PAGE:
In addition to rehabilitating degraded soils, biochar has the potential to mitigate climate change. The production of biochar and its incorporation into soils has been suggested as a possible way to reduce the concentrations of carbon dioxide in the atmosphere. Longer lasting soil fertility could present the solution to reducing deforestation, resulting in a higher uptake of carbon dioxide from the atmosphere. In addition, the production of renewable energy as a co-product of biochar has the potential to minimize our current dependence on fossil fuels.
We traveled to Cusco, Peru this past June to share our research with the community in hopes of resolving their soil fertility issues. During our time there, we met with Paulino, the President of Pumamarca, and several committee members. He showed us around the community and we spoke with several community members, who shared with us that at one point, Pumamarca was formerly known for their flower production. However, due to the loss soil fertility and increasing incidence of plant pathogens, their flower production had greatly diminished.
We held an information session to try to identify farmers willing to incorporate biochar into their fields. During the information session we showed the audience how to make the pyrolyzer; we then discussed the benefits of biochar, and proceeded to demonstrate the process.
We were looking for at least one farmer to share our enthusiasm and volunteer to
try biochar in his own fields. We were fortunate to find Ciprian and his wife Julia (Pumamarca residents), who have a small plot where they volunteered to test the biochar. We showed Ciprian how to mix the hamster (cuy) manure with the biochar in the optimal proportions. By the time we left, Ciprian had already taken ownership of the pyrolizer, made biochar and used it to plant his crops.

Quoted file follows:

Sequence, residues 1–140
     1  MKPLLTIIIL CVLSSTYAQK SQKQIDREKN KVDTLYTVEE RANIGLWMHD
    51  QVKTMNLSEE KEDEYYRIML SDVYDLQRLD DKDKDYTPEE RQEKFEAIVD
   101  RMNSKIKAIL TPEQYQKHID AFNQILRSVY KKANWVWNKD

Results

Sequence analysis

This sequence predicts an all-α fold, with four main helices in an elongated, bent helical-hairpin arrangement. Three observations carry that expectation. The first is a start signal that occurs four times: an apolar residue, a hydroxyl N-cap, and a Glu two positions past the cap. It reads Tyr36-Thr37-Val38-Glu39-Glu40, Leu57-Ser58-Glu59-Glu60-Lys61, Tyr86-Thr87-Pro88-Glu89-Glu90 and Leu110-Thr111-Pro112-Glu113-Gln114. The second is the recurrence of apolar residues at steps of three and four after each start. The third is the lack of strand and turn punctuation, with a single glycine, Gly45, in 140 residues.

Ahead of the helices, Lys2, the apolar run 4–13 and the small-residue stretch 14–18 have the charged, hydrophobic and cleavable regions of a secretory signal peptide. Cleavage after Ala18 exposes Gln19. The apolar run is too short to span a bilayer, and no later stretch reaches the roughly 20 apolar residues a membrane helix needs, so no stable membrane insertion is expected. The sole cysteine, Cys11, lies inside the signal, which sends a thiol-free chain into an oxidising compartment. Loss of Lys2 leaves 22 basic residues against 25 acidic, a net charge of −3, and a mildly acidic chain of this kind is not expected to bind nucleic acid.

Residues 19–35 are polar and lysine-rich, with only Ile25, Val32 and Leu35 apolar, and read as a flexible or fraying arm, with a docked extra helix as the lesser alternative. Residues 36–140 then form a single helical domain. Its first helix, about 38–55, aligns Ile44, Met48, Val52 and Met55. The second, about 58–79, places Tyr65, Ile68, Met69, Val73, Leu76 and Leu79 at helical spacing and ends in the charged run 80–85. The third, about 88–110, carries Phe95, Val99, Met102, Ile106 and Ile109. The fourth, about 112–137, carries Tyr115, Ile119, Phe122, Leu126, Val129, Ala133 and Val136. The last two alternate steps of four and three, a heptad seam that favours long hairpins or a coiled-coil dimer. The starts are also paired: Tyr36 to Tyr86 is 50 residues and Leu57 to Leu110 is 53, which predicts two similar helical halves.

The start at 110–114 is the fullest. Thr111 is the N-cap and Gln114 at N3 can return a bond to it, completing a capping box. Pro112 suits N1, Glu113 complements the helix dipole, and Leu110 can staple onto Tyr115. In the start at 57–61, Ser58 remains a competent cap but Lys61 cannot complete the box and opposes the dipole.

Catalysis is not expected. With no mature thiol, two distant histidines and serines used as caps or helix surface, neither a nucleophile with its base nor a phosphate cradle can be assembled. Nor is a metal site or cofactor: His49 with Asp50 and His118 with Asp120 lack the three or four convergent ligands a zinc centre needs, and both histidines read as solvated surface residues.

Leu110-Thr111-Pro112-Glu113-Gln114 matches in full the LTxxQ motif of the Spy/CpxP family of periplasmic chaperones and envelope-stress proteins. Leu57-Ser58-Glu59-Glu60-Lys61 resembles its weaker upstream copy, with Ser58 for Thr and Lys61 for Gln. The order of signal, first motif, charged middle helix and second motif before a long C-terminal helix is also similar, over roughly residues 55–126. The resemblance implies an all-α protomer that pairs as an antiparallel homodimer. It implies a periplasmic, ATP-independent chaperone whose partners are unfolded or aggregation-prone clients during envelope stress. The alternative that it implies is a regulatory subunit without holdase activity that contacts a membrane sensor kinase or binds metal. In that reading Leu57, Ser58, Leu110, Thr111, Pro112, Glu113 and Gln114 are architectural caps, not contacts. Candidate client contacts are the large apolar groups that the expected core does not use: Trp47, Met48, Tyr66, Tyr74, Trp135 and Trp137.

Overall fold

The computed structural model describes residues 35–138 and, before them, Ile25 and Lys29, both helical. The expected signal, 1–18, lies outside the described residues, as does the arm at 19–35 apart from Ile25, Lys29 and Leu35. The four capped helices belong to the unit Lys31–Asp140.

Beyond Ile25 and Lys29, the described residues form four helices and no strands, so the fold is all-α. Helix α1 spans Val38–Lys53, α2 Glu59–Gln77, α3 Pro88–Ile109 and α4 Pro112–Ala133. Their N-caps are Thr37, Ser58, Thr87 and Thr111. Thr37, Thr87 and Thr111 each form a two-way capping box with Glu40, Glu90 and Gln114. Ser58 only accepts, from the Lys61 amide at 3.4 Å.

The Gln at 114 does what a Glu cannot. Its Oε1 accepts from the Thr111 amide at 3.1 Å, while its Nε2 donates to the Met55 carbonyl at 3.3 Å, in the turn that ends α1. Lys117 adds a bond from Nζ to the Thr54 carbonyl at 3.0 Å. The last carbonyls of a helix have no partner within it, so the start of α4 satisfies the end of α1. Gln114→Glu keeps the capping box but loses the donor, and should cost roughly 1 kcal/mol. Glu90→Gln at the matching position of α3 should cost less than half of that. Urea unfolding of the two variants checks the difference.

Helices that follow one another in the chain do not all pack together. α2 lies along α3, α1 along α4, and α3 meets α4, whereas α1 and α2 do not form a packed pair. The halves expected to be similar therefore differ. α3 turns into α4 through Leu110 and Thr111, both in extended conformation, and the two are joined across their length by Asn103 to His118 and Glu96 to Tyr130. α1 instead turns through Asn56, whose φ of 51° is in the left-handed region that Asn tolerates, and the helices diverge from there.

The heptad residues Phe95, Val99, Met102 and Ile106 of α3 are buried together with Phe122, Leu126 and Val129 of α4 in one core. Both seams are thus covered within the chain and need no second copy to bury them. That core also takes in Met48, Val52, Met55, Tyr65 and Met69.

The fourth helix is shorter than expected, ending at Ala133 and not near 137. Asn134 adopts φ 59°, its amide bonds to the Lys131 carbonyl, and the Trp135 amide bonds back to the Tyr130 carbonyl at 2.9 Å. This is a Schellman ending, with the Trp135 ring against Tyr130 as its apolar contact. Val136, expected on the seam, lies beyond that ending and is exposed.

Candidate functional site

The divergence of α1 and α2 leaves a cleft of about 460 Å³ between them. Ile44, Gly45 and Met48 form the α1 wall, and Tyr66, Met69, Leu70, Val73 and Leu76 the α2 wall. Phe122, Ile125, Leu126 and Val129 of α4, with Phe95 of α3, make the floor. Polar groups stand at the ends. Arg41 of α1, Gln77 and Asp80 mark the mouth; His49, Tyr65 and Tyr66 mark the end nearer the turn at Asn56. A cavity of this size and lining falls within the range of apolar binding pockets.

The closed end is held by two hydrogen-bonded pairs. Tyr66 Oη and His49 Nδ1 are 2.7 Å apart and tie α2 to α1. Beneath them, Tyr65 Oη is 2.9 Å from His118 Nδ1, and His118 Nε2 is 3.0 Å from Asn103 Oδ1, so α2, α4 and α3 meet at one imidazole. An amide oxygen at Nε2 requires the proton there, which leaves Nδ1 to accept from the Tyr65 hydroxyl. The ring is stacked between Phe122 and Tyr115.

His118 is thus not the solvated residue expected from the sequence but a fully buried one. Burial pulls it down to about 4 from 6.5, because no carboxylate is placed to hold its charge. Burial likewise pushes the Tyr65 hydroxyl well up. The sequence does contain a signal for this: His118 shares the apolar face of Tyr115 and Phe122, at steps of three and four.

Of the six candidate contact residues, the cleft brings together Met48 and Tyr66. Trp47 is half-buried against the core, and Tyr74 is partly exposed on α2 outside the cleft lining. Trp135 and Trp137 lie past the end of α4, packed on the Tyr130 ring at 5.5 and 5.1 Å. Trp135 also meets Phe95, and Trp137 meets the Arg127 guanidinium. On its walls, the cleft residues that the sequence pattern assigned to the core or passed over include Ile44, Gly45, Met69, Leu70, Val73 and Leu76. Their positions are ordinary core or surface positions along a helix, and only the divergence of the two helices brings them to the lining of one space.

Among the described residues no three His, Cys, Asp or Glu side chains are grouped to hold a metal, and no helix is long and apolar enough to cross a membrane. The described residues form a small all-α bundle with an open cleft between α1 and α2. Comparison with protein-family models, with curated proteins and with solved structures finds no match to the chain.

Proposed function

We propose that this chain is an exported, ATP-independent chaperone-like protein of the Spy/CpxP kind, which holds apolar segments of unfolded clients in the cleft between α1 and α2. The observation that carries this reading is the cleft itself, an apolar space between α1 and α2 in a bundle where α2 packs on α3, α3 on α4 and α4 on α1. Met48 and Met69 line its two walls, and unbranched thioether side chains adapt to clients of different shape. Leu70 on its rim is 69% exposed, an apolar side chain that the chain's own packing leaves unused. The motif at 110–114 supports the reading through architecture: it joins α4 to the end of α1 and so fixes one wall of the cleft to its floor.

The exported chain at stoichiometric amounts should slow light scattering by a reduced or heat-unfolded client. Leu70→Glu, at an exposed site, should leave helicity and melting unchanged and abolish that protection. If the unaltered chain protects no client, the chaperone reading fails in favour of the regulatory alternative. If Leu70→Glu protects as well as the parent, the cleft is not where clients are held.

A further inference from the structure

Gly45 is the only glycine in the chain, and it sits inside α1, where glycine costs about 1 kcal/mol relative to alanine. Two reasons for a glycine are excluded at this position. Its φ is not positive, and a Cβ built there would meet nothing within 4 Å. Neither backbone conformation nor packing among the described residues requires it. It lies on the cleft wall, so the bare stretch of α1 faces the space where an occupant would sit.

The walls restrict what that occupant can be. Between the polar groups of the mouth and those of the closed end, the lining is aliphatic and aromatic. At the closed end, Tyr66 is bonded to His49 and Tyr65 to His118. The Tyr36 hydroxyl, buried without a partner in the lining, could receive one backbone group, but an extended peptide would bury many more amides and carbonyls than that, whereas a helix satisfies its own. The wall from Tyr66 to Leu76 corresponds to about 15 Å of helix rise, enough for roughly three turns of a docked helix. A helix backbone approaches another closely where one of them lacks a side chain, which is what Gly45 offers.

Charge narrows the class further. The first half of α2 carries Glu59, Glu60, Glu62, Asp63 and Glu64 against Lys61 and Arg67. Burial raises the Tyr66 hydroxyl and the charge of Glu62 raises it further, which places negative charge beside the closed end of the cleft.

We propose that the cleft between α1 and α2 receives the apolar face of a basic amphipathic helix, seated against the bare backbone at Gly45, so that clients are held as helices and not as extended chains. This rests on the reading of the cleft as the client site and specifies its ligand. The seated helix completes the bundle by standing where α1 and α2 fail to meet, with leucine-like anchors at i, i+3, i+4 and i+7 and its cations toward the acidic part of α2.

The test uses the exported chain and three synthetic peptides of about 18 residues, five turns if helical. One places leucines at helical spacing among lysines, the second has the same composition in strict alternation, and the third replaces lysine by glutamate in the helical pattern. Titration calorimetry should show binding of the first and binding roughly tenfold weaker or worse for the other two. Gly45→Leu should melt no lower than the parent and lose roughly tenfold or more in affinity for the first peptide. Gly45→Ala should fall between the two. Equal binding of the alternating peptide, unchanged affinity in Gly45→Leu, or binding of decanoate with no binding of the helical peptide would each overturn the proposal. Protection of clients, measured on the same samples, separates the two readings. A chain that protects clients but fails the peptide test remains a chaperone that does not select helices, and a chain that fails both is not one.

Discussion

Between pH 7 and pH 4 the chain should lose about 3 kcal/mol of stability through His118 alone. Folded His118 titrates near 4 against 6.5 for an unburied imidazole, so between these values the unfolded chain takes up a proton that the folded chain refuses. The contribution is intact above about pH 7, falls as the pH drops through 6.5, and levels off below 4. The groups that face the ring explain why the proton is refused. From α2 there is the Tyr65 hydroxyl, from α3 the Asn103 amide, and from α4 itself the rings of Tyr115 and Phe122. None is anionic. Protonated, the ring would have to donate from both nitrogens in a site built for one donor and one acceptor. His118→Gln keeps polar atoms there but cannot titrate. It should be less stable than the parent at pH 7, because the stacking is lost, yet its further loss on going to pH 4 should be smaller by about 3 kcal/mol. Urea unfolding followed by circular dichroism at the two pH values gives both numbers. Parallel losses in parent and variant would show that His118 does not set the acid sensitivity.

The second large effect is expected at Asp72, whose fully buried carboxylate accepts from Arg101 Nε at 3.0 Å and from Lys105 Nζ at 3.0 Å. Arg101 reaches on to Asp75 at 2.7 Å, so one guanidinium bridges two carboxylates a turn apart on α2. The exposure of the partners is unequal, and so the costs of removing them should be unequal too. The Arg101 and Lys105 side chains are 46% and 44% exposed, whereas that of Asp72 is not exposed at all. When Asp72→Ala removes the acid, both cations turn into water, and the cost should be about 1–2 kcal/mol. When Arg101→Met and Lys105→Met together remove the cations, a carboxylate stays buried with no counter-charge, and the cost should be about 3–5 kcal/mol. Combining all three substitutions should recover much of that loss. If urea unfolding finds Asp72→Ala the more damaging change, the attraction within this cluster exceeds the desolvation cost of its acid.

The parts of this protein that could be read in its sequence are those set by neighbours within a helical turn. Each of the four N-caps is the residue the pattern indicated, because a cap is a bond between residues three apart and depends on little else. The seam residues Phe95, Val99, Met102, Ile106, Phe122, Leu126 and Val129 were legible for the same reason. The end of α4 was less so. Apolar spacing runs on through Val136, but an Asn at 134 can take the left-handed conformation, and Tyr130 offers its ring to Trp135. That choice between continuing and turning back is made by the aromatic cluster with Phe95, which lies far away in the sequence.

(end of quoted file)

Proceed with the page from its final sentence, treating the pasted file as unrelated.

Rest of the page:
We are confident that once the other community members see results they will also begin to apply biochar into their fields. We plan on continuing our work in Pumamarca.
Jesus gave three biochar presentations to classes at the local agricultural college and piqued sufficient interest that some of the students want to do their graduate theses on the topic and work with our community to monitor the progress and spread biochar use. We look forward to working with them.
Since our visit, the neighboring community of Quillahuata, has stepped forward and ask for our help as they too, face the same problems with their soils. We intend to continue to extend our services and share our research with rural communities throughout Peru and hopefully to other parts of Latin America. Currently, we are conducting research on ways to make our pyrolizer more efficient, by developing a way to collect the exhaust gas to produce renewable energy. We intend to continue this project in the fall by forming a team in the course Design for the Developing World and return to Peru next year with an improved pyrolizer and an enthusiastic community.
The world is now facing the need to feed 7+ billion people everyday. As population growth continues to expand, the pressure in the agriculture industry will continue to intensify. Current agricultural practices will not be able to keep up and we simply cannot continue pouring chemicals into our soils without expecting devastating ramifications. It is our responsibility, and in our best interest, to not only focus on increasing productivity, but also consider the environmental and social repercussions (alleviate hunger, improve nutrition, and reduce poverty).